Trump’s Tariffs against China Would Hurt U.S. Customers: Chamber of Commerce

U.S. President Donald Trump’s plan to impose heavy tariffs on China will have a “devastating impact” on the American economy, the U.S. Chamber of Commerce has warned.

The comments by the world’s largest business federation on Friday came in the wake of the White House’s threat to impose tariffs of US$30 billion or more on Chinese goods unless Beijing scraps a law forcing foreign businesses to transfer proprietary technology to their Chinese partners.

“The administration is right to focus on the negative economic impact of China’s industrial policies and unfair trade practices, but the U.S. chamber would strongly disagree with a decision to impose sweeping tariffs,” chamber president Thomas Donohue said in a statement, according to AP.

“As we’re starting to see, tariffs could lead to a destructive trade war with serious consequences for U.S. economic growth and job creation.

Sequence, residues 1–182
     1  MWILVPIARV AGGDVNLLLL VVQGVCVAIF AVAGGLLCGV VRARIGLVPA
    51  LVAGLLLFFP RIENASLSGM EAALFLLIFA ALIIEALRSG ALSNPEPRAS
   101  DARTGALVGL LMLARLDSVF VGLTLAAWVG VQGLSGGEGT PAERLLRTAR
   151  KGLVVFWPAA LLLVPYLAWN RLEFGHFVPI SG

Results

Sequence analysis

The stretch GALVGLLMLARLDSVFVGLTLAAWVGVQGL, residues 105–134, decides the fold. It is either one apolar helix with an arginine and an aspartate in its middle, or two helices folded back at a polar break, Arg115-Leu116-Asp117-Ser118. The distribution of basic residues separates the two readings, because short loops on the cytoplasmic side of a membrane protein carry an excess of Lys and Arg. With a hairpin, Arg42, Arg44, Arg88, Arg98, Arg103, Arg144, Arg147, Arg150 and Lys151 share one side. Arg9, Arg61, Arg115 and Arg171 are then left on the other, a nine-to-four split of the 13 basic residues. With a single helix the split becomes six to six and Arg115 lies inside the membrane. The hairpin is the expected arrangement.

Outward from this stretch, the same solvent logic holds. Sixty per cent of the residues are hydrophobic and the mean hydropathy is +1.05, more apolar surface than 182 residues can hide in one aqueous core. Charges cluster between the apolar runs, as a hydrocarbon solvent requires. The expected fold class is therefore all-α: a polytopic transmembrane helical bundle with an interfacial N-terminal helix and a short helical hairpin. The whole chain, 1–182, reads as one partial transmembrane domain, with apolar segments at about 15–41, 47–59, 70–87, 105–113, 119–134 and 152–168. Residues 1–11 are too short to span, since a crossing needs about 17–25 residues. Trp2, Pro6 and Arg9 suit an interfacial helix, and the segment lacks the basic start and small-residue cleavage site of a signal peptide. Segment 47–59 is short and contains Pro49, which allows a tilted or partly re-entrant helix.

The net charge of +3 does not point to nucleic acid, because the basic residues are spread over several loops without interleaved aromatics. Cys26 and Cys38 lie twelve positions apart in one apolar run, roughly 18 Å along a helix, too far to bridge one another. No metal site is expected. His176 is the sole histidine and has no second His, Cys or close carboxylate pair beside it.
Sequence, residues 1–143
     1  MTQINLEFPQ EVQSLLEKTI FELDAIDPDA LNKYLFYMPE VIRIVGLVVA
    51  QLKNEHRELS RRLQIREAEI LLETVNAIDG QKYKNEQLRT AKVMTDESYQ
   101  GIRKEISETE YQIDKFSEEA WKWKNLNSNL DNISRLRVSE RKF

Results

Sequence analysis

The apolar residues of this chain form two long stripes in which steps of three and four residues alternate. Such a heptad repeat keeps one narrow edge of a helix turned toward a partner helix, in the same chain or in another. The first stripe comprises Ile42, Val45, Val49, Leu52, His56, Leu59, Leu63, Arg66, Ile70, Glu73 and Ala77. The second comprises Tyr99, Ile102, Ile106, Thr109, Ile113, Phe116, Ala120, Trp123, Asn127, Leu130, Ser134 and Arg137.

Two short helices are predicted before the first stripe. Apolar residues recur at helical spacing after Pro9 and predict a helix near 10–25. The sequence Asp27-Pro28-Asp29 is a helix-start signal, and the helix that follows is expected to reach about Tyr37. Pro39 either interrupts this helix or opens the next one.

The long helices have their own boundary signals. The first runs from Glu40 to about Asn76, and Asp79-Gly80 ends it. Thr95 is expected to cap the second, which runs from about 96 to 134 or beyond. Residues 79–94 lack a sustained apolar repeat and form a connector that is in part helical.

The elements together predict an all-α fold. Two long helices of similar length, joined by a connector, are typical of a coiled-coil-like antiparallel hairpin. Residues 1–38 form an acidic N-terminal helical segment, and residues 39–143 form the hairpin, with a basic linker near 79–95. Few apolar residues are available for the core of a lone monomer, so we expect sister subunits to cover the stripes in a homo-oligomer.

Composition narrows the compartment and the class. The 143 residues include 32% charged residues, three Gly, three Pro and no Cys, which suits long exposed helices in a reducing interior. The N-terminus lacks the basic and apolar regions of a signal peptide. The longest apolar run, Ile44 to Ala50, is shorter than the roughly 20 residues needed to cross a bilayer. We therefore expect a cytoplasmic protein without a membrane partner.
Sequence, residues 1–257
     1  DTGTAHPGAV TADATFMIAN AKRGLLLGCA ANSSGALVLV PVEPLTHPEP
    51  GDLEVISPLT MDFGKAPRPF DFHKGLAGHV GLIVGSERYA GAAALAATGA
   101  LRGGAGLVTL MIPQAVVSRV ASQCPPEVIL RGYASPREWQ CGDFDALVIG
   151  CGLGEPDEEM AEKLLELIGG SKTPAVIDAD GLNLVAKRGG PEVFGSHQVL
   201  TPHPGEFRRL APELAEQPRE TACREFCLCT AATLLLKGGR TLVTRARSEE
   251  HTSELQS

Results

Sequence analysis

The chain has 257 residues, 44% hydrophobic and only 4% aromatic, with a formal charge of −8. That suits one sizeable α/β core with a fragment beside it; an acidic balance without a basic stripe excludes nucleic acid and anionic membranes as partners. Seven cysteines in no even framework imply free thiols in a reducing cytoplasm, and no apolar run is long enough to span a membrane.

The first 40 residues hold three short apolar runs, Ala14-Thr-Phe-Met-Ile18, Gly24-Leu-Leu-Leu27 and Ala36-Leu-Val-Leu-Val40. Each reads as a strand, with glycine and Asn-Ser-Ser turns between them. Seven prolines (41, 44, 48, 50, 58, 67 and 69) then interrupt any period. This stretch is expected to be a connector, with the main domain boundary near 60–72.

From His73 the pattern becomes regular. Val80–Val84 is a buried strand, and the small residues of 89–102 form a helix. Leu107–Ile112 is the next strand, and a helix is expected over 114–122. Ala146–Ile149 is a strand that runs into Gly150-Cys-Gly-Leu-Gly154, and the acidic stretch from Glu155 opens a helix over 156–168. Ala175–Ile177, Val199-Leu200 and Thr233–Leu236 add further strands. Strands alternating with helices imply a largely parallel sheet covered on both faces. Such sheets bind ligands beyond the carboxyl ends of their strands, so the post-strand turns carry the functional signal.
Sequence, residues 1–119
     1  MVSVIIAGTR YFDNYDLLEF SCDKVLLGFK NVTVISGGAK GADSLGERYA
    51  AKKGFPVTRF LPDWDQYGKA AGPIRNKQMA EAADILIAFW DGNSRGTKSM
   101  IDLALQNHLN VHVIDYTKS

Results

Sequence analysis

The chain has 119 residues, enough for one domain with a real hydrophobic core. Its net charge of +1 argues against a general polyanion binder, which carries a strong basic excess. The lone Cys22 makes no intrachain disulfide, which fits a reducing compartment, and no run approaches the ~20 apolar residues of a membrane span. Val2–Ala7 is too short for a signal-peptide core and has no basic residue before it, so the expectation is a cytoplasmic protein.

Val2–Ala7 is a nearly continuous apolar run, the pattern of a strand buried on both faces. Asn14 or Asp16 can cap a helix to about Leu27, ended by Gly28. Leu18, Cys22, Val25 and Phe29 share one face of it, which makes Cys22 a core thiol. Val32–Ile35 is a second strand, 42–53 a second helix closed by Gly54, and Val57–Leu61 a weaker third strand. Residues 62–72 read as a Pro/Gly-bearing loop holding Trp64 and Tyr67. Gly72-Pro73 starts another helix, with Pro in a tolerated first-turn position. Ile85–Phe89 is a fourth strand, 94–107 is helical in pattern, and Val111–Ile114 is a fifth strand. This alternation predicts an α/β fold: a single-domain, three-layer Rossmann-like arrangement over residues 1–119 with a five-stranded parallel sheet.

“The livelihood of America’s consumers, businesses, farmers, and ranchers are at risk if the administration proceeds with this plan.”

Donohue said tariffs were “damaging taxes on American consumers” that would wipe out any gains American families received from tax cuts.

“We urge the administration to not impose these tariffs and to work with the business community to resolve the real and justifiable concerns raised by Chinese trade practices,” he said.

As a presidential candidate, Trump campaigned on a promise to bring down America’s huge trade deficit, which he blamed on bad trade deals and abusive practices by China and other U.S. trading partners.

Only recently, however, has the president begun to turn rhetoric to action. In January, the administration imposed taxes on imported solar panels and washing machines. And last week, Trump ordered stiff tariffs on imported steel and aluminum.

Meanwhile, the Trump administration gave no indication that it planned to let up on its pressure on China over trade. Treasury Secretary Steven Mnuchin will travel to Argentina for meetings next week of the Group of 20 major industrial countries, which includes traditional economic powers and emerging economies such as China.